CINCINNATI -- Appropriately timed with the start of Breast Cancer Awareness Month, women who believe they have a higher risk for developing breast cancer have a new community resource for risk assessment.
The University of Cincinnati Cancer Institute’s Breast Cancer Center announced the opening of its Risk Assessment and Management Program Monday. The program is designed to identify patients who are at a moderately high or very high risk for breast and ovarian cancers .
Dr. Elyse Lower, director of the center and UC College of Medicine professor, says the goals are promoting awareness and providing expert evaluations for the care of high-risk patients.
“Based on individual risk assessment, patients will be offered appropriate counseling, testing and primary prevention measures to reduce the likelihood of cancer development,” Lower said in a written statement.
Strategies for lowering a woman’s risk for breast cancer may include genetic testing, increased surveillance, chemoprevention or preventive mastectomies or hysterectomies.
“Physicians will evaluate treatment based on criteria met by the individual, providing information needed to make decisions on risk reduction based on one’s wishes,” Lower said.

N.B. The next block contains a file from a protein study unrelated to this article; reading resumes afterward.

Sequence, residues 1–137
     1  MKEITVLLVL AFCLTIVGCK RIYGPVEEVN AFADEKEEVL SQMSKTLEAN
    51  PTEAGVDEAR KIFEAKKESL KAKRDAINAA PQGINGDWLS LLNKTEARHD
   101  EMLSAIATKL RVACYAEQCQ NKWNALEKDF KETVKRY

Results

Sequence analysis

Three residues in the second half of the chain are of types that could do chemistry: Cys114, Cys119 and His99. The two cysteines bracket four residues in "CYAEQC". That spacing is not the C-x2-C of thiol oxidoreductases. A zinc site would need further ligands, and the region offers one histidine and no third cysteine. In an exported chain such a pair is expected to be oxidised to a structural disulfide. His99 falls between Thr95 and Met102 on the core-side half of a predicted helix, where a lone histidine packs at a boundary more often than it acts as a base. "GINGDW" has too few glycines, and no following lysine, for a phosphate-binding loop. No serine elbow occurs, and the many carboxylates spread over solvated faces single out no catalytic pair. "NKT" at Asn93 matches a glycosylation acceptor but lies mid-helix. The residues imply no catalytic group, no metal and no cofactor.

The following are factors for eligibility at the high risk clinic, according to UC Health:
- Strong family history of breast or ovarian cancer.
- Known personal or family genetic abnormality in a breast cancer-causing gene, like BRCA, CHEK-2 or Palb B2.
- Prior breast biopsy showing atypical results.
- Gail model breast cancer risk of greater than or equal to 1.67 percent over the next five years or greater than 20 percent lifetime risk.
- History of chest wall radiation to treat Hodgkin's disease.
- Dense breasts on imaging.
According to UC, one in eight women will develop breast cancer during their lifetime in the U.S. The risk for an average woman is less than one in 25 over a ten-year period. That’s why it’s vital to identify women who are truly at a higher risk for breast and ovarian cancers.
The clinic is open Monday mornings on the third floor of the UC Health Barrett Cancer Center at 234 Goodman St. Patients can be self-referred or referred by other physicians in the region.
After an initial evaluation, Lower says patients will receive a personalized care plan for tests and follow-up appointments.
“Comprehensive assessment and management is an unmet need in our region, and we’re so happy to provide this tool for individuals at risk,” she said.
To learn more or to schedule an appointment, call 513-584-RISK.
In honor of Breast Cancer Awareness Month, the National Breast Cancer Foundation is offering a helpful guide about the signs and symptoms of breast cancer. Click here to order a free guide.